Why you’ll like it? Sherman is a riot, without being a caricature. He bumbles around and makes mistakes and seems totally real. All of the other characters, even the ones who appear in only a few scenes, are just as well-drawn, so that you can imagine whole stories about them beyond the book. I especially liked Sherman’s mentor Fred King, who loves cooking and gardening and is surprisingly cool if you can get past the comb over. Mrs. Samuels, Sherman’s cooking teacher, is great too, always offering up wisdom about what it’s like to work in the food industry. I think what appealed to me most in this book is the fact that Susan Juby has produced a book that communicates just how brutal the effects of high school cliques can be, except she has managed to make her book funny. It never feels like one of those serious reads about the trauma and pain of high school, but it will make you think just as much. I’m hoping it’s a series, because I’d like to see what Sherman solves (and cooks) next.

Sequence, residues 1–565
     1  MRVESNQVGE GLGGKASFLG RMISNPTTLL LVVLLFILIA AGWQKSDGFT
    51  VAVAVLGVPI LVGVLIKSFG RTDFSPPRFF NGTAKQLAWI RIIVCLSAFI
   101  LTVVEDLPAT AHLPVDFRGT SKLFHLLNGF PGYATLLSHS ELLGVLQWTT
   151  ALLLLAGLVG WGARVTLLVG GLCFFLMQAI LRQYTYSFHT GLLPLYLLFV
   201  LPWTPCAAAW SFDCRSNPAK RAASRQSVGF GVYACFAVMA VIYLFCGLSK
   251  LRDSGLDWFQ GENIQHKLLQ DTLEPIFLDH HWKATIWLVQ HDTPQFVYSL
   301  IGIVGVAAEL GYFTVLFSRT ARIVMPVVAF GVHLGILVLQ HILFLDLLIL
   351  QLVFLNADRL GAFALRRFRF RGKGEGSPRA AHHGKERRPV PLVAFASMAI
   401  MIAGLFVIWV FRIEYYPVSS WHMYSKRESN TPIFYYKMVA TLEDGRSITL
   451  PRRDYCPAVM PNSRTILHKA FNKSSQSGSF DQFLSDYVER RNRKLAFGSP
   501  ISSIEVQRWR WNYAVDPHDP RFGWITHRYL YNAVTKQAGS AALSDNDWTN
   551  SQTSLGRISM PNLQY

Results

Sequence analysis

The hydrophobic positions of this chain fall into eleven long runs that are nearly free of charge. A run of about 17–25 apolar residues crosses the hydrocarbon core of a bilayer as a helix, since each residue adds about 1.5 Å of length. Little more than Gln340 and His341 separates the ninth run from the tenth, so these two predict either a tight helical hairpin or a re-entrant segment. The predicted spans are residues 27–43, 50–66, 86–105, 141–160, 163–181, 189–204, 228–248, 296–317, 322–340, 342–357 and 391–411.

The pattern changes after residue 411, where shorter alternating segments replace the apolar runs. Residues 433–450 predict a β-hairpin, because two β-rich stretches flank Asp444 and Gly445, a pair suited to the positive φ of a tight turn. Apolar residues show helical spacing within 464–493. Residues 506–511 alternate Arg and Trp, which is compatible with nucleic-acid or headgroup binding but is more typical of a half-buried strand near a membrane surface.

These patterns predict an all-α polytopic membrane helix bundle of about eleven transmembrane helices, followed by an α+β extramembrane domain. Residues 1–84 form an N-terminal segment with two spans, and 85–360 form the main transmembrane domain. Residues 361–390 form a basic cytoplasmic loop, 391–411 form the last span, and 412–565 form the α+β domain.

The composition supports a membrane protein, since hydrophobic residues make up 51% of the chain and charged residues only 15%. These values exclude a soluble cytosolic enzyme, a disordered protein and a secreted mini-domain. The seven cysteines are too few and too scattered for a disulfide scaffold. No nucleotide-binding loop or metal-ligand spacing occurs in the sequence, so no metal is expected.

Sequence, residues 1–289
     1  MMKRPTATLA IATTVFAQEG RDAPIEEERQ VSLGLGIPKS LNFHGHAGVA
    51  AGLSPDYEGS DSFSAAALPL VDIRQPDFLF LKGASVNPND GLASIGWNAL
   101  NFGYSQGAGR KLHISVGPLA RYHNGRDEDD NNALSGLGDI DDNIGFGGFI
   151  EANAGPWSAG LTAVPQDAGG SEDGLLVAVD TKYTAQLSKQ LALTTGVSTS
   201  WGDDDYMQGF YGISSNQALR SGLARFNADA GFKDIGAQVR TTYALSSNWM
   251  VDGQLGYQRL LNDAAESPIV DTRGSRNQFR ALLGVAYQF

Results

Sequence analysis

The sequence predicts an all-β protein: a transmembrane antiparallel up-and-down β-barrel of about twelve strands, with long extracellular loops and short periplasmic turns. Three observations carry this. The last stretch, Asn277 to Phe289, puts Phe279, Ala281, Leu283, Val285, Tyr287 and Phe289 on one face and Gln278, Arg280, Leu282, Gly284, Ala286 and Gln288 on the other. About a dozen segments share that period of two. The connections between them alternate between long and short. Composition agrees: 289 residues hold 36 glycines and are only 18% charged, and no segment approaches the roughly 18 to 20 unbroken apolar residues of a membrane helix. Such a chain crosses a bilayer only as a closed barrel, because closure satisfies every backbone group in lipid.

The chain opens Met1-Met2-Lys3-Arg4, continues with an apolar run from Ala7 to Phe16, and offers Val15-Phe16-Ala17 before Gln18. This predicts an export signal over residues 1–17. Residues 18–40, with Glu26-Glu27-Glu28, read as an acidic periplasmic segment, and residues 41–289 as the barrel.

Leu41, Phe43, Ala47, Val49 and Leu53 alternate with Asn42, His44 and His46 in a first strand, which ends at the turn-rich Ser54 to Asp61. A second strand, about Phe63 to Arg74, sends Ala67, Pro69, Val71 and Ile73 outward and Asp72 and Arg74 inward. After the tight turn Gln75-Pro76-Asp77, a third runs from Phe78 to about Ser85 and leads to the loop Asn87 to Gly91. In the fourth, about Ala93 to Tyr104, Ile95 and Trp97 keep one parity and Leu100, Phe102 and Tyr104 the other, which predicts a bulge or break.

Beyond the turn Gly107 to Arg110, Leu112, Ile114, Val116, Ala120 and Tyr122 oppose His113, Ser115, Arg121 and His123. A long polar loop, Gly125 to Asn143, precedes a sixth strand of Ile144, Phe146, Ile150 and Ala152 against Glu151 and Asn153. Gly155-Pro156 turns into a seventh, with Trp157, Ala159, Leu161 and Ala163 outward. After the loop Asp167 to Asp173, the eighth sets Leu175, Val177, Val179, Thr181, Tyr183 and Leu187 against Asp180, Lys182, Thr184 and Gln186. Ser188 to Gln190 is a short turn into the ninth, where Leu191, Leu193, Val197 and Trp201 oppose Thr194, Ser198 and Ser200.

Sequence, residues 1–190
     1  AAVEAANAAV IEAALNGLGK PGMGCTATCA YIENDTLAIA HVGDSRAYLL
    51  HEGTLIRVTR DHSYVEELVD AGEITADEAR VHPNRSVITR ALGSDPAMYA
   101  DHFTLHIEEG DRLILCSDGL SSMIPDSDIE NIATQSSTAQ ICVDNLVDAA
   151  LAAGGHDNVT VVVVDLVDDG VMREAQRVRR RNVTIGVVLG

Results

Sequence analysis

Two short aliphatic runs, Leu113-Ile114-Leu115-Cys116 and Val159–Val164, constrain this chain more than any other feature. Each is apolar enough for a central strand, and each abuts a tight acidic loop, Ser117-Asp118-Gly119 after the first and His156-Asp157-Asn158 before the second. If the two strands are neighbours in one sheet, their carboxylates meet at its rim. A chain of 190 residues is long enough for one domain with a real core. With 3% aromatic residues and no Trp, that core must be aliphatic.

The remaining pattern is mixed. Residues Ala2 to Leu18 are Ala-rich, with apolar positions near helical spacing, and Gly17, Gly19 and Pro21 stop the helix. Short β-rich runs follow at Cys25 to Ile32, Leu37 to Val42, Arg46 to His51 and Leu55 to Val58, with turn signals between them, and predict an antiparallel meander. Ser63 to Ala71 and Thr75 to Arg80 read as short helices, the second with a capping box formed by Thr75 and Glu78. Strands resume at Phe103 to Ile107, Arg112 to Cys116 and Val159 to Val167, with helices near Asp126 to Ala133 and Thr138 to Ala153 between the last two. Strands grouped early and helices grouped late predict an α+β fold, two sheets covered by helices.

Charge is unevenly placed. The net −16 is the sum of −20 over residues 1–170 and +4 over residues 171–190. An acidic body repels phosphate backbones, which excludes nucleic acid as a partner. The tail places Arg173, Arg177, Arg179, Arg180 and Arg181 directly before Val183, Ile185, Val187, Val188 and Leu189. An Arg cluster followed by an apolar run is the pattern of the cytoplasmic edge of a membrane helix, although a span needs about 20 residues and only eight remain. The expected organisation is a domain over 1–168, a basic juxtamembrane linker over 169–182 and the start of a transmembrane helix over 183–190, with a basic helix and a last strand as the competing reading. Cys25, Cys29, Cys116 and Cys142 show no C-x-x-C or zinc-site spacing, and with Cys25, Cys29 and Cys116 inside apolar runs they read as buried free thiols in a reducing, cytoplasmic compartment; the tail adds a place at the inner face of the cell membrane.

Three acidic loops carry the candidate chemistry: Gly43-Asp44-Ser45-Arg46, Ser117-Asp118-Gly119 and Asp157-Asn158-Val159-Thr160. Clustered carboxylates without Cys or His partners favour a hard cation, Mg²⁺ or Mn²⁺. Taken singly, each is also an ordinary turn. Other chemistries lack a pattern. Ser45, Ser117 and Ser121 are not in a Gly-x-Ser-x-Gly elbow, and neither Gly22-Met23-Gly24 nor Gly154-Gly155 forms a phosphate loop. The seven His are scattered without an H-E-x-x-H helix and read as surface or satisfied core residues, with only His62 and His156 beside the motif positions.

Other review love:

Interactive Reader
Reading Rants
bookshelves of doom

Wow. Check out those 3 reviewers. If they love it, you know it’s something pretty awesome.

(This post is cross-posted at Guys Lit Wire).

The Storm in the Barn

stormMatt Phelan’s upcoming graphic novel, The Storm in the Barn, is really something. It is a thrilling and moving piece of historical fiction set in 1937 Kansas, with beautiful muted illustrations that practically make you taste the dust.

Jack Clark hasn’t had an easy childhood. It hasn’t rained for years and the tension in his small town couldn’t get much worse. At home, his father and mother have shrunk into themselves, barely able to hang onto the dreams they once had, and the farm life they used to know. One of his sisters is sick, with “dust pneumonia,” and the doctor hints that Jack’s increasingly strange and withdrawn behaviors might be “dust dementia.” He gets bullied by a group of local kids and his father never gives him the chance to prove his worth. One night, Jack ventures into the abandoned Talbot barn and what he finds there could change everything, if he’s brave enough to go back and face what’s inside.

It’s pretty clear that Matt Phelan is a tremendously gifted illustrator. The emotion that he can convey with the most understated colors and simple lines is remarkable. There is a sequence with a jackrabbit drive that will make you ache, every bit as gut-wrenching as how it could be portrayed on film. I loved the way the color shifts throughout, mirroring the changing tone of the narrative.